The design of a production system is a challenging and varied task. The designer of a robot system must realize that a technical solution alone cannot create a safe and effective workplace for people. Industrial robots represent a high degree of automation. The design of robot systems can offer examples for many other manufacturing systems. This study was done from the point of view of the desig- ner. It concentrates on a narrow design task in order to give the operators of the system a workplace that is as good and sensible, as productive, and as safe as possible. The central objective of this study was to present a simultaneous methodology for the safety design of an industrial robot system. A second objective was to evaluate the results of preliminary safety analyses based on the computer models of robot systems in comparison to the safety analyses of the actual robot systems built. The decisions made by designers and the robot user concerning the safety level and production were evaluated, and the recommendations of robot safety standards were tested under realistic conditions simulated in the laboratory. The case studies carried out to test the research questions investigated in this thesis supported the hypothesis that the new software tools can effectively be applied to the safety design of a robot system. The hazards can be identified and the risks can be assessed during the design phase of the system. The human aspects can be taken into account better. During the design phase, the operators of the system can create a clear picture of the system, can make comments, and can improve the system. They can also evaluate the importance of the changes with regard to their work and work environment. This new, even technical, tool can create a concrete visual bridge from the "human-oriented design approach" to the real design work of a robot system. The evaluations indicated that it is practicable to use a 3D-model of the system to make a reliable safety analysis from the model. A safety analysis can be made from the model far before the actual investment decision is made. The comparison of the three different safety strategies - basic level strategy, advanced level strategy and production adapted strategy - showed that the effect of a well-designed and production-adapted safety system is significant from the viewpoint of production. More attention should be paid to efforts to create and test procedures for practical design work, and to the training of designers. These measures would yield good results and would not require strict and limiting stan- dards and orders.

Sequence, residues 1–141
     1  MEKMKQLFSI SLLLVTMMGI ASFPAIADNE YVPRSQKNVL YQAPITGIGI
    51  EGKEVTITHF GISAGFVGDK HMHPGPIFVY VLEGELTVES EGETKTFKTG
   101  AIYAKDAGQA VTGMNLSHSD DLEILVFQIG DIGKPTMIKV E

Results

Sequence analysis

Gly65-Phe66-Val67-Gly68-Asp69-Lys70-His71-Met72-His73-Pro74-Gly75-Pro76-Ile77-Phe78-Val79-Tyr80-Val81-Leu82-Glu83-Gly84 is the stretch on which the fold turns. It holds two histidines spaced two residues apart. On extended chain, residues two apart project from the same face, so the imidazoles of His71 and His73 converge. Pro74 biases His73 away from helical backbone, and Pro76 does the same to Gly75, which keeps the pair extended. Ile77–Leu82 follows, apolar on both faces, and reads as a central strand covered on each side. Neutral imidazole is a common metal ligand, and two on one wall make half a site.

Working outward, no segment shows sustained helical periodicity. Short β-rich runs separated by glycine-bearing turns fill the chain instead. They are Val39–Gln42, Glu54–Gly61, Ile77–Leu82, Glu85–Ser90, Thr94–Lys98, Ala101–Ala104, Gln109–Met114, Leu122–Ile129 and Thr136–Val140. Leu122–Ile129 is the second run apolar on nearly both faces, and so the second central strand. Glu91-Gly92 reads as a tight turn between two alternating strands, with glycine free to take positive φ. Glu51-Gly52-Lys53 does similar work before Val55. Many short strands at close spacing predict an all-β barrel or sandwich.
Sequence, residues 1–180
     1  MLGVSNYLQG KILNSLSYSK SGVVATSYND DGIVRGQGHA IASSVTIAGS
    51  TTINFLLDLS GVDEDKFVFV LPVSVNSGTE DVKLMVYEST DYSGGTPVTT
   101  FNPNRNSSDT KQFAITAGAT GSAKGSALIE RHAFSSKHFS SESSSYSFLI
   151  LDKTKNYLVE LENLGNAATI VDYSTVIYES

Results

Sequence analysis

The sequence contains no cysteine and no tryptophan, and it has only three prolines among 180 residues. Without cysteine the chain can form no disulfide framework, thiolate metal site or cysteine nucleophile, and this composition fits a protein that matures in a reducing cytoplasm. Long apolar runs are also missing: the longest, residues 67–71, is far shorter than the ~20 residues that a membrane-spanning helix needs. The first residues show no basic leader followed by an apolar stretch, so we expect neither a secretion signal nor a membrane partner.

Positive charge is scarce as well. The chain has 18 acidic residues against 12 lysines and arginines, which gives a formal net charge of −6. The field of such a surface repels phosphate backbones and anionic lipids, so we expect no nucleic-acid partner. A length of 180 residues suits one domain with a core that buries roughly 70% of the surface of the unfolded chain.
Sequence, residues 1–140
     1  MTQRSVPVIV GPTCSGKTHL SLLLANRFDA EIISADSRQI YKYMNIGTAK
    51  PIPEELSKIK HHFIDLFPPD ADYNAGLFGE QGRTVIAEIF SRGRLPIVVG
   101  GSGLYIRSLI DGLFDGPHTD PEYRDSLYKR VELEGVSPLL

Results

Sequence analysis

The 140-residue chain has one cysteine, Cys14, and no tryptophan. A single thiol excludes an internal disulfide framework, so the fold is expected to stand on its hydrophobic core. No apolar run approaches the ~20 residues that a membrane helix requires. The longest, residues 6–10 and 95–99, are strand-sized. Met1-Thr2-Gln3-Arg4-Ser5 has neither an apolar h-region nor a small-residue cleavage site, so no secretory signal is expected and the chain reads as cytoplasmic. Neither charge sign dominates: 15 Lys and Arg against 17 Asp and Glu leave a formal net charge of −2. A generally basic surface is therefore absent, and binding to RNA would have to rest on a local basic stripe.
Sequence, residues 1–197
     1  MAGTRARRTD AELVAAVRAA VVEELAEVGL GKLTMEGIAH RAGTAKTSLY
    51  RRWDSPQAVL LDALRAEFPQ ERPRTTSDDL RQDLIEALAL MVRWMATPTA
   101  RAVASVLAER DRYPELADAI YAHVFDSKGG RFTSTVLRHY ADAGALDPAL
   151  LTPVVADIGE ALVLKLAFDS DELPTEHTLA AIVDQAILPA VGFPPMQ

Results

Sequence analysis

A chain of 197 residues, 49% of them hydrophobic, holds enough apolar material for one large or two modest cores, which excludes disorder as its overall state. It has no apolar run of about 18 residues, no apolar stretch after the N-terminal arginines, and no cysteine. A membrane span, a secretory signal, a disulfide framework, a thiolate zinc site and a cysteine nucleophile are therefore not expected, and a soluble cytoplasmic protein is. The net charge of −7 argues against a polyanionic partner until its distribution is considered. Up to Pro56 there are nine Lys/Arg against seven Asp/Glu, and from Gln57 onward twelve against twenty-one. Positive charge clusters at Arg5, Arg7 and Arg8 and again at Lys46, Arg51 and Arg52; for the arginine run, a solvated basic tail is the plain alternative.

|Award date||24 Mar 1995|
|Place of Publication||Espoo|
|Publication status||Published - 1995|
|MoE publication type||G4 Doctoral dissertation (monograph)|
- safety engineering
- safety devices
- computerized simulation